Tag Archives: savelsbergh

An extended demand responsive connector

Lee, A., M. Savelsbergh (2014), An extended demand responsive connector. EURO Journal on Transportation and Logistics, http://dx.doi.org/10.1007/s13676-014-0060-6.

The need for viable public transit systems has been well documented and so has the role that so-called flexible transport systems can play. Flexible transport services offer great potential for increases in mobility and convenience and decreases in travel times and operating costs. One such service is the demand responsive connector, which transports commuters from residential addresses to transit hubs via a shuttle service, from where they continue their journey via a traditional timetabled service. To access this service, commuter and service provider agree on an earliest time the commuter must be available for collection and a latest time the commuter will arrive at a transit station. We investigate various options for implementing a demand responsive connector and the associated vehicle-scheduling problems. Previous work has only considered regional systems, where vehicles drop passengers off at a predetermined station; one of our contributions is to relax that restriction and investigate the benefits of allowing alternative transit stations. An extensive computational study shows that the more flexible system offers cost advantages over regional systems, especially when transit services are frequent, or transit hubs are close together, with little impact on passenger convenience.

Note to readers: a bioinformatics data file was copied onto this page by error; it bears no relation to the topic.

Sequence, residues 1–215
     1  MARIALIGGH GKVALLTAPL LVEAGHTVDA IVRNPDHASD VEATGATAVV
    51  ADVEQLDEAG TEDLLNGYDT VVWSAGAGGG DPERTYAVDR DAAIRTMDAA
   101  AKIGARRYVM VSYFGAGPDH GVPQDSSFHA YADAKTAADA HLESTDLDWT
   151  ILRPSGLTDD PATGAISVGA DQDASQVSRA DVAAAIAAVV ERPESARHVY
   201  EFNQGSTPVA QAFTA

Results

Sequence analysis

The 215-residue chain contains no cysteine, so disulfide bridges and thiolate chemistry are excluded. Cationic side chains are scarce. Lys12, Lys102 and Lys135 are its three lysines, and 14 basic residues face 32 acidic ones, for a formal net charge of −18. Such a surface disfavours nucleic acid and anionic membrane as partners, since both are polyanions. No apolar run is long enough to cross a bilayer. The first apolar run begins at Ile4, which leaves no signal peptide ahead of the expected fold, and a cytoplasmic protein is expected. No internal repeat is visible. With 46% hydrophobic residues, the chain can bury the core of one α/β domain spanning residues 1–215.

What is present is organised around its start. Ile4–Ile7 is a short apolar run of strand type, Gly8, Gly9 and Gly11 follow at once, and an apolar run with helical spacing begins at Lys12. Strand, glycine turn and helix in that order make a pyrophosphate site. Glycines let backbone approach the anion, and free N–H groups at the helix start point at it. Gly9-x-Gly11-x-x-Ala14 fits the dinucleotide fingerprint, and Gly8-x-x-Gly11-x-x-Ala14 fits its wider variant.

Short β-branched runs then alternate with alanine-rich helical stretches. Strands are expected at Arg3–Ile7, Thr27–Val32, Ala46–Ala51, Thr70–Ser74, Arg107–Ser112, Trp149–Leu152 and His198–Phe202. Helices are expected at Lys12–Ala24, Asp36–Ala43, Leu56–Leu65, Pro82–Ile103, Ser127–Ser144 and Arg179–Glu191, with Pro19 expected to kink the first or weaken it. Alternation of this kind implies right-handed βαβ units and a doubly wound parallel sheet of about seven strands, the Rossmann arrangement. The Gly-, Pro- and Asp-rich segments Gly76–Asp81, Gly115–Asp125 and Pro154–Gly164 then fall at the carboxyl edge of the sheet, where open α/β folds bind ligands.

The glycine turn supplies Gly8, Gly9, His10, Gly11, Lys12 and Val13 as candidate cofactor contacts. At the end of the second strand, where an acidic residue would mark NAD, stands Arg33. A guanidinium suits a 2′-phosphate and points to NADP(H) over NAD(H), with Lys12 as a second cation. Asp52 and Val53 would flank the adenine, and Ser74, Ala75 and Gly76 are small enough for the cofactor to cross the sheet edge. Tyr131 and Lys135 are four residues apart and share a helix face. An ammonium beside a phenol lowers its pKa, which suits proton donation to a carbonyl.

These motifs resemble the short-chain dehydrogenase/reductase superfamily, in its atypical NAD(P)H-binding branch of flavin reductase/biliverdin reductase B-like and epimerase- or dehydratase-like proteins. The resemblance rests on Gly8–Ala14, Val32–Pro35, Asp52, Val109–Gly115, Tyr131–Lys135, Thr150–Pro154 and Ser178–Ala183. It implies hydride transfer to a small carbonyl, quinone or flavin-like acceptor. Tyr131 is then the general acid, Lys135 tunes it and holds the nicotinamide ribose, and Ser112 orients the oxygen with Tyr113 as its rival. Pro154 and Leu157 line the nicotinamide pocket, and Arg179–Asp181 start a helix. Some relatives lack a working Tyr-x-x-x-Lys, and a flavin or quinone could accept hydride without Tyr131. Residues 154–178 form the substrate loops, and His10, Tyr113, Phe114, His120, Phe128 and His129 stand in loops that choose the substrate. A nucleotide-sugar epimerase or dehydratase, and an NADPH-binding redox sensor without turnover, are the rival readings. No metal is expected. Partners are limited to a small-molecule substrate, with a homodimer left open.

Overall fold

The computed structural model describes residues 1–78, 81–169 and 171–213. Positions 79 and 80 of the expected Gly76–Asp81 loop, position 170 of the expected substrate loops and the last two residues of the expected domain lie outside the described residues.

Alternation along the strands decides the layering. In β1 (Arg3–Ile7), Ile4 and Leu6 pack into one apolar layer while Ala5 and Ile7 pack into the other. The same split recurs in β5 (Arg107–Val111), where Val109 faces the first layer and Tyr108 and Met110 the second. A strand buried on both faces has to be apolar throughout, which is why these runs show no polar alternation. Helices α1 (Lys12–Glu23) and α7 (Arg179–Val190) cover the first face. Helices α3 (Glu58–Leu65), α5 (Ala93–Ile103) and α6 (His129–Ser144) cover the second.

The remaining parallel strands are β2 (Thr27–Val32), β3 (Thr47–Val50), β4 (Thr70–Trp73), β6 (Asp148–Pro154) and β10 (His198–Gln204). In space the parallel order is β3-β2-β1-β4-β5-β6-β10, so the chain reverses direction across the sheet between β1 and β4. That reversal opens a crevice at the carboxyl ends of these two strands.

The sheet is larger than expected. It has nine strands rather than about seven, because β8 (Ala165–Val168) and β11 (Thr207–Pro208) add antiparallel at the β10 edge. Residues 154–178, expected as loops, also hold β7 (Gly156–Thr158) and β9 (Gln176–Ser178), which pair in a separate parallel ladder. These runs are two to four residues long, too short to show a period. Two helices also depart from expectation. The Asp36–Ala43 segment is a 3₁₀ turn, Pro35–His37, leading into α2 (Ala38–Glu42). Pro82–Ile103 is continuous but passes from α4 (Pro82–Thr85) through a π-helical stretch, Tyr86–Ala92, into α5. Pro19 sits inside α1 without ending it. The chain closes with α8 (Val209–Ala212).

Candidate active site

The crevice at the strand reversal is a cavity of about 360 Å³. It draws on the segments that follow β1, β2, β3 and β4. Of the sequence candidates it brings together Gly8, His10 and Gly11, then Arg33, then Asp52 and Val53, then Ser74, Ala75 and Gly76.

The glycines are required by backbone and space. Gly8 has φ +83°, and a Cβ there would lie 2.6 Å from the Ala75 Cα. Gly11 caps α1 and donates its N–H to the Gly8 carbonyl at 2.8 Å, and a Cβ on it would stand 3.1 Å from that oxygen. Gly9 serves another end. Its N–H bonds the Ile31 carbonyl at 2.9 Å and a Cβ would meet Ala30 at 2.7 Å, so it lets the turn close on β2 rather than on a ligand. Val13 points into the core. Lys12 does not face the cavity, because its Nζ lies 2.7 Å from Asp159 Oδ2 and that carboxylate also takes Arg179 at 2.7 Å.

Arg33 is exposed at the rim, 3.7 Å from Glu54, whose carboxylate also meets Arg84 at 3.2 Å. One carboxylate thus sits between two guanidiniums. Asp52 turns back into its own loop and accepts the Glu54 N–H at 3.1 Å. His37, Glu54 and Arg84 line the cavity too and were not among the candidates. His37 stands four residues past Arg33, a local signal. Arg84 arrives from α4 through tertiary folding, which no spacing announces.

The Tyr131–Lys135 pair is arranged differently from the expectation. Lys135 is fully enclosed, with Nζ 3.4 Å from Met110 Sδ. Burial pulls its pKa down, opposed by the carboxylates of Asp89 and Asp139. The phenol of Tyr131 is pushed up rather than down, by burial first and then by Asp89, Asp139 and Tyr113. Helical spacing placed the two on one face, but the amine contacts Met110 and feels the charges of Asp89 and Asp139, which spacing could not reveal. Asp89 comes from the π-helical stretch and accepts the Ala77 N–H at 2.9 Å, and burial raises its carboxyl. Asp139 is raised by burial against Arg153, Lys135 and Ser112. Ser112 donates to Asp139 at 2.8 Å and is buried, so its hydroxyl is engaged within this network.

Seamless Multi-Modal Connectivity Colloquium: Emerging Knowledge for Ridesharing

Prof Martin Savelsbergh recently spoke about dynamic ridesharing at the “Seamless Multi-Modal Connectivity Colloquium: Emerging Knowledge for Ridesharing” at the University of Southern California in Los Angeles, USA. The colloquium was sponsored by the Federal Highway Administration and brought together representatives of government, industry, and academia.  Nine invited speakers helped set the scene during the day by discussing a wide range of topics, from road pricing to van pooling to slugging to real-time on-demand ridesharing.  Breakout sessions focused on obstacles preventing large-scale deployment of ridesharing and schemes to encourage or incentivise ridesharing.